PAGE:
The following is a brief summary and response to a short paper delivered at the Sophia Institute Conference, December 7, at Union Theological Seminary, NY.
In this paper, Dcn. Drew Maxwell argued that an overly negative view of human sexuality is one unfortunate consequence of the modern turn to patristic sources. Theology is deeply informed by context. Most patristic and medieval theologians were monks and often wrote to celibates, which is why their writings often stressed celibacy over married intimacy. In some cases, there may have been genuine disdain for the married life; in others we are merely witnessing a kind of pastoral encouragement. If modern readers forget the importance of context, they can walk away from such resources with a distorted view of what their own marriages should be.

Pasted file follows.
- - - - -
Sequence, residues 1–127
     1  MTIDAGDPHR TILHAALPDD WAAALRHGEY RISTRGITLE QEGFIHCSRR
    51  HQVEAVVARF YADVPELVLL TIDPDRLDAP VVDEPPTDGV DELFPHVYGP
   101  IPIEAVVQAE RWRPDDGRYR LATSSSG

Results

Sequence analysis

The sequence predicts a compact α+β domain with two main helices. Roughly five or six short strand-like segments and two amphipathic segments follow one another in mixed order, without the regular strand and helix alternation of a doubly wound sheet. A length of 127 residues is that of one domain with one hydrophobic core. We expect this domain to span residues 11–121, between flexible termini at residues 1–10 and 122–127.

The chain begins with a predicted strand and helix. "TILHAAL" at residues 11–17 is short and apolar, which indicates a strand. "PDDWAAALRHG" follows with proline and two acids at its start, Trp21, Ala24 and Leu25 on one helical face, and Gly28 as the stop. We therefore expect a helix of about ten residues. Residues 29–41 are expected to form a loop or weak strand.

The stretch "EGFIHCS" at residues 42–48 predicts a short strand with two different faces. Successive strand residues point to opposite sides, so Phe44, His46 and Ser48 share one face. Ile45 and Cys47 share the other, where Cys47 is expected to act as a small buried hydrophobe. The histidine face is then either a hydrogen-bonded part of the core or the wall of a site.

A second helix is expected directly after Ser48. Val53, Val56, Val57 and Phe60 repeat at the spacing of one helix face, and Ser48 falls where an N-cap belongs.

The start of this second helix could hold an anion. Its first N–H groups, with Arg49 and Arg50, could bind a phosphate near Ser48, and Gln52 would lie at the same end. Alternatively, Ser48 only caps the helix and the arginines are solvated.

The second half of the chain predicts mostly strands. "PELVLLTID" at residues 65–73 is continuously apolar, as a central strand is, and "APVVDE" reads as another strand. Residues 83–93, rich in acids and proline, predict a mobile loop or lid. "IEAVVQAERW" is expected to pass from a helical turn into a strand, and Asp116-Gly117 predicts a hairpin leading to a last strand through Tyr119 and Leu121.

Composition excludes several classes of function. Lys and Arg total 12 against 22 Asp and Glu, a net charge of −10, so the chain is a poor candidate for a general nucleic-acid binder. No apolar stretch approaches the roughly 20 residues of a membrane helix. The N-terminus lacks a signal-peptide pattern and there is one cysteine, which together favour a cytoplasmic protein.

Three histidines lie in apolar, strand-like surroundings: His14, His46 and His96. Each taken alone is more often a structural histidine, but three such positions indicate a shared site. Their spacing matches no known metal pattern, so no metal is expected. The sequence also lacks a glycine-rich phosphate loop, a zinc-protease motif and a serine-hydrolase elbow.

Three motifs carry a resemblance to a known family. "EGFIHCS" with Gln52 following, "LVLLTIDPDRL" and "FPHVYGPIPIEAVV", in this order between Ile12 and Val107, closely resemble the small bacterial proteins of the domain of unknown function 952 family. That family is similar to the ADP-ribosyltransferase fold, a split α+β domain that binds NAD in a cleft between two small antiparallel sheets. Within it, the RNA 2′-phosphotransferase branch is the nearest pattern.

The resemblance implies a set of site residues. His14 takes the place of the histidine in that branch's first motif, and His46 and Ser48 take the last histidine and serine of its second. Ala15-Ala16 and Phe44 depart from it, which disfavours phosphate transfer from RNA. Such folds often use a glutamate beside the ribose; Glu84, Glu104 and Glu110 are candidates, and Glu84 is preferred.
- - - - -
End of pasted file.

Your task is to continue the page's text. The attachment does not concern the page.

There has been very little done to develop a positive or constructive theology of marriage in modern Orthodoxy. Two strong attempts to articulate a theology of married life come from Paul Evdokimov and Metr. Kallistos (Ware). Evdokimov says that sex and sexual difference are good because they were designed by God. Ware calls us to see the spouse as an icon of God, so that we encounter the divine in the veneration of the other.
Maxwell did not (in the fifteen minutes he had) do much to lay out his own constructive account of sex and marriage in Orthodoxy, but naming the problem is a good start. To proceed any further, I think we may need to explore his paper’s subtext. No progress will be made on this, or any other issue, unless we Orthodox Christians get clear on how we view the role of historic context in the shaping of Holy Tradition. Is Tradition an unchanging deposit? Or is it a living Tradition that grows? Should we follow the example of Paul Evdokimov, to reverently critique the fathers, and to re-imagine a theology that builds upon them? Or is Orthodoxy merely replication of the past? Context be damned!